Calle Debauche is a fun, intriguing band that is carving out its own niche in Phoenix. Right off the bat, they are certainly not a metal band. The first song on the album starts fast, with the full band. The sound is celebratory and original for an American band.
Since I began studying them, I’ve really taken a liking to their music. They’re probably never going to reach the top of any radio station’s charts, and that’s part of why I like them. However, I was having trouble pinning down their sound.
I first thought of Calle Debauche’s style as mostly jazz, blending metal, rock and, like, well, I was kind of coming up blank. I wanted to say, “Circus music” or “Jewish music.” But those terms don’t describe much, so I asked my jazz educated, trumpet blaring friend Ross Huff of The Macpodz from Ann Arbor about what influences he heard in the band’s music.
Huff said they don’t sound much like anything he’s heard before. “Polka, klezmer, prog rock, ska, gypsy jazz,” he said over an email. “Something I’d really like to see live.”
Clearly we are dealing with a hodgepodge of influences.
A review of Calle Debauche’s new self-titled album by one Tom Butcher of The Silent Ballet calls to mind a common misconception people have with Calle Debauche; they think it’s video game music. This dude Butcher spends half the review talking about video game music, most of the other half garbling nonsense, and uses a little word space to review the album. He didn’t get it.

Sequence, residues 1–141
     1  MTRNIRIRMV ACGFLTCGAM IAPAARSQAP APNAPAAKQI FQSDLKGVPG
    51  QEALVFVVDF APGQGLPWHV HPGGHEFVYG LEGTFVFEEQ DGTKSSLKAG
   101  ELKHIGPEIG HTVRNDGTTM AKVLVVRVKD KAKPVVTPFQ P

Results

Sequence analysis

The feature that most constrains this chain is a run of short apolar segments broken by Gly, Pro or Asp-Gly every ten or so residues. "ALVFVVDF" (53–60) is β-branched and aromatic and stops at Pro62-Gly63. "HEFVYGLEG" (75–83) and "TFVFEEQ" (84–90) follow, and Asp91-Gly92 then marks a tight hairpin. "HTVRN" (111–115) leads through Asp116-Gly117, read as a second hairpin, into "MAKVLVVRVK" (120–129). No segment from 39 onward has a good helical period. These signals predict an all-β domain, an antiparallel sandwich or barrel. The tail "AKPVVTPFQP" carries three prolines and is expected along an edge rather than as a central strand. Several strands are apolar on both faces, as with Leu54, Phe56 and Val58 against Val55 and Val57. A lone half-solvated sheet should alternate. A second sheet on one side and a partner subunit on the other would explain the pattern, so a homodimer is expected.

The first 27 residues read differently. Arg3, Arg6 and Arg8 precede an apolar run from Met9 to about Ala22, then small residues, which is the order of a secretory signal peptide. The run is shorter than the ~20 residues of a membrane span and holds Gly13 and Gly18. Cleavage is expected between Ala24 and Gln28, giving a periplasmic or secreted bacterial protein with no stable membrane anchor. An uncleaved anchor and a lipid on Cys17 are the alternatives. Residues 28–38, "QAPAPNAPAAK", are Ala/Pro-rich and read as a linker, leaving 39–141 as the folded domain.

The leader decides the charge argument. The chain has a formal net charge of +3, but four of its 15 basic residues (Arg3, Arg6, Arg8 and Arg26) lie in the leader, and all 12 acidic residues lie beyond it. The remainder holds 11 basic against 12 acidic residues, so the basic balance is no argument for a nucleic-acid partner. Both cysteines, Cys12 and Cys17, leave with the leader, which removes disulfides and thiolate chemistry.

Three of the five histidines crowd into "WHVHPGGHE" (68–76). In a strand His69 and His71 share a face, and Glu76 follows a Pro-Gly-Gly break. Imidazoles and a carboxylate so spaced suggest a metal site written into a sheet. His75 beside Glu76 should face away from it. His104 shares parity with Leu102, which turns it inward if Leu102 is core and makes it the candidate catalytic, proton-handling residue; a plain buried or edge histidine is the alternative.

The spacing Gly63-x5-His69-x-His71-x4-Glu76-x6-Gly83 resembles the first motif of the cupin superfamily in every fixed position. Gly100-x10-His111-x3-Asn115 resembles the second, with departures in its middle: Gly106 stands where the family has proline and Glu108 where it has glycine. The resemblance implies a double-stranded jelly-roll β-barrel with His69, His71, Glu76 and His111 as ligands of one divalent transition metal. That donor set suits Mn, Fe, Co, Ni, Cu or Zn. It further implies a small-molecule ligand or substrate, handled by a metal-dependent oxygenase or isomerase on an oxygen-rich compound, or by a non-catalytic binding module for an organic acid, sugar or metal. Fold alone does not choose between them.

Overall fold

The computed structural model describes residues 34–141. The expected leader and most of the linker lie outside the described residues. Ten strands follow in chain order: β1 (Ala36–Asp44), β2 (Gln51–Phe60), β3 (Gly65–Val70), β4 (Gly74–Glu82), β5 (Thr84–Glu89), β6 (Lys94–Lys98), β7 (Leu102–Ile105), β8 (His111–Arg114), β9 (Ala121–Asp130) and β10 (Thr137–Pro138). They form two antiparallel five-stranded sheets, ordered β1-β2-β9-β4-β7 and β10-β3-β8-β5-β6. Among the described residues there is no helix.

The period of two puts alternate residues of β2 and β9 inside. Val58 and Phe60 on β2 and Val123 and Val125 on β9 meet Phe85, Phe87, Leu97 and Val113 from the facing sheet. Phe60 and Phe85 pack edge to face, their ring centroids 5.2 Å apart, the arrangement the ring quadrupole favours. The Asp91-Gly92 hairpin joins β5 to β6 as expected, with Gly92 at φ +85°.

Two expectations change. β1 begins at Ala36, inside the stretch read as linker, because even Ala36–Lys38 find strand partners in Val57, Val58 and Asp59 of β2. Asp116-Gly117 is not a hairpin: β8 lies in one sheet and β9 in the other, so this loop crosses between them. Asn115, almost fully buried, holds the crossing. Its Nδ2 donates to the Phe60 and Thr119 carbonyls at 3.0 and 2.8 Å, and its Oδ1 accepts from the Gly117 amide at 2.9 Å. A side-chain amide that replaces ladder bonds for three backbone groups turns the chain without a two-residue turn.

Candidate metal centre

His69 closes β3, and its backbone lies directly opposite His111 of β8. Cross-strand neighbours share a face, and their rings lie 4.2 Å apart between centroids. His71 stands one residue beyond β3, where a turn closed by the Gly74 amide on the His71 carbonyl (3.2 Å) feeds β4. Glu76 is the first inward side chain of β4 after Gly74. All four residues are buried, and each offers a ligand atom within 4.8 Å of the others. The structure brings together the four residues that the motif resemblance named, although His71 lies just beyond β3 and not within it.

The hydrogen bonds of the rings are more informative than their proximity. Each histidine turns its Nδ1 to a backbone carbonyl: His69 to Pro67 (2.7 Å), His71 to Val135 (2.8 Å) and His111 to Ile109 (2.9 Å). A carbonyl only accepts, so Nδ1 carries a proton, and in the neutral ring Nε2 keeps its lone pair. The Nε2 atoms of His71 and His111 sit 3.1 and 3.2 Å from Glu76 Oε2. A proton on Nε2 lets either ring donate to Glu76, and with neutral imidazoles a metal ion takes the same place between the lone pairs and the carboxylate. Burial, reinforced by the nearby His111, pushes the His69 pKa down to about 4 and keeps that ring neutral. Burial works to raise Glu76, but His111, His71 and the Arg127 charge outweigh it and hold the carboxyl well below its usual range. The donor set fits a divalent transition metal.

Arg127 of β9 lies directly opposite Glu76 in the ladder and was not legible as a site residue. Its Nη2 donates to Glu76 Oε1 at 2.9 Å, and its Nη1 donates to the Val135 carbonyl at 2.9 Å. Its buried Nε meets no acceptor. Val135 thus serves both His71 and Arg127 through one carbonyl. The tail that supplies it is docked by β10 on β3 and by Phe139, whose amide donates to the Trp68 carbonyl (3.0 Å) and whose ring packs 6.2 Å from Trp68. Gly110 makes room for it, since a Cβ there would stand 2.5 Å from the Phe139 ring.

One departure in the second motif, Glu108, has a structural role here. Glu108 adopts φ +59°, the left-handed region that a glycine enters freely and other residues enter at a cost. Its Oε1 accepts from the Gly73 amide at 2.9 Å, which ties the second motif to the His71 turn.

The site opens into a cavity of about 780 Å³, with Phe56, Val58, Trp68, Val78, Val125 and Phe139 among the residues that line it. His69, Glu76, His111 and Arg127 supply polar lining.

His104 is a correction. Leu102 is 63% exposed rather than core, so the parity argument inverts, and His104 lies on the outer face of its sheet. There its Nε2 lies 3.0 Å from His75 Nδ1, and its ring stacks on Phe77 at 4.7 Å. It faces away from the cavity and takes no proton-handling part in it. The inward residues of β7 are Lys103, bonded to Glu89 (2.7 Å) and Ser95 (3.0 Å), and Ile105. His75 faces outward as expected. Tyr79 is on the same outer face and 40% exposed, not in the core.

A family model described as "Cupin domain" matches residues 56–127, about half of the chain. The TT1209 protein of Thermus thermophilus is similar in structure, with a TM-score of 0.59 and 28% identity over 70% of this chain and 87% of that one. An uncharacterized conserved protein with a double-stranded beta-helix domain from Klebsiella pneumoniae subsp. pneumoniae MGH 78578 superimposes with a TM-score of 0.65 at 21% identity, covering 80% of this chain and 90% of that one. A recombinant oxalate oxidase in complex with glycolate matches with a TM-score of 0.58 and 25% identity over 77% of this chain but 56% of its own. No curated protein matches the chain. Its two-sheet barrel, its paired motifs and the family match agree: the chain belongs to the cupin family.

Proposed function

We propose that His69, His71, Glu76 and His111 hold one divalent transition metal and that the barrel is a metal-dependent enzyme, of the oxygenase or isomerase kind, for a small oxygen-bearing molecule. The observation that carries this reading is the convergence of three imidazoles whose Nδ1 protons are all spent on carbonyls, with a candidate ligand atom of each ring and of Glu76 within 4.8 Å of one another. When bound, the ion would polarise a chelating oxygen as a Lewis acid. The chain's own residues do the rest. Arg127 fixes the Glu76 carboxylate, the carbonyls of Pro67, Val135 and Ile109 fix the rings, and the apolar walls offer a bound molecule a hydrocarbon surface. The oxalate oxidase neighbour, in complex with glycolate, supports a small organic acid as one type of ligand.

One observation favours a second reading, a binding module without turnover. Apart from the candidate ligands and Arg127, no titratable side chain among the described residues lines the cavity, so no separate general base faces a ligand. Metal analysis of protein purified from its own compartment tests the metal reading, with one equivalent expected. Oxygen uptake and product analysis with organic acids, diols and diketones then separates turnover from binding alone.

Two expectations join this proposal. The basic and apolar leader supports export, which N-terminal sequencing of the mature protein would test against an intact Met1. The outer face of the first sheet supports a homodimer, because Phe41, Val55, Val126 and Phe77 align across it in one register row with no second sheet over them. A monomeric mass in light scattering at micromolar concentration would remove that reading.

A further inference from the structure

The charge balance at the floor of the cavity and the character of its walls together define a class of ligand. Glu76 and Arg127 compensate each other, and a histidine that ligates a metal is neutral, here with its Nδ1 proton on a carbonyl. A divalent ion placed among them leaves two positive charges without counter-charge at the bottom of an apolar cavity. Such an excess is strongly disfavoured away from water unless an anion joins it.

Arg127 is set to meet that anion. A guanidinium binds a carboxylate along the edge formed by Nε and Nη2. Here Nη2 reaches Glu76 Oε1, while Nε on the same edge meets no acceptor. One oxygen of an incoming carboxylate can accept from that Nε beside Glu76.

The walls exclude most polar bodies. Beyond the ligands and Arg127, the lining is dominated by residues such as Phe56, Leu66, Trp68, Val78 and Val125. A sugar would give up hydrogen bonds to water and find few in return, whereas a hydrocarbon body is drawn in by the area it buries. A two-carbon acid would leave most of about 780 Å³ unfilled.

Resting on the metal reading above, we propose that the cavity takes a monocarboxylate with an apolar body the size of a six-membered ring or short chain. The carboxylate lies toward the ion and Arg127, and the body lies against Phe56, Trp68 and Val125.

I mean, neither did I, but I wasn’t about to go writing them off. That’s not the avantgarde-metal.com way of doing things.
I agree that the music is thematic and similar to VGM cover bands. But even VGM’s roots come from some other style. River City Ransom for the Nintendo Entertainment System, for example, uses swing music, but people now call it “Video Game Music.” It’s funny how music can be labeled something way different from what its creator intended it to be.
But enough about the VGM because Calle Debauche, and let me be very clear here, is NOT a video game cover band. Front man and guitarist Mohadev writes the majority of the songs. It takes talent to write this kind of stuff. It turns out that he composes the songs with midi software, prints out the sheet music for his band mates, and away they go.
I called Mohadev June 9 and heard from the horse’s mouth what the band’s influences are.
Mohadev’s father is a classical musician from India who specializes in playing ragas, which are traditional improvisational pieces commonly named after seasons, periods of the day, or moods. This is where his north Indian classical music influence comes from.
Bulgarian wedding music is also an influence audible in the album. Mohadev sent me a link to a YouTube video of Ivo Papasov’s Wedding Band. Oh my god. The musicianship is way too technical and crazy for me to wrap my brain around, and it’s wedding music. Freaking crazy. Other influences include Rock In Opposition’s Samla Mammas Manna from Sweden and Henry Cow from England, L’Ensemble Raye, Cardiacs from England, Uz Jsme Doma of Prague, Voivod, Megadeth, and Sigh from Japan.
Duh. We are talking worldly influences here. You could almost call it all “world music.”
In addition, the rest of Calle Debauche has different musical influences. Frederic is their German jazz drummer who likes Latin jazz, math and prog rock. Guillem is their classically trained Andorran saxophonist who loves funk. Dave on tuba is into Opeth and Amon Amarth, and classical composers Wagner and Prokofiev. And Chris is the New Yorker on marimba who likes folk music and communist rock.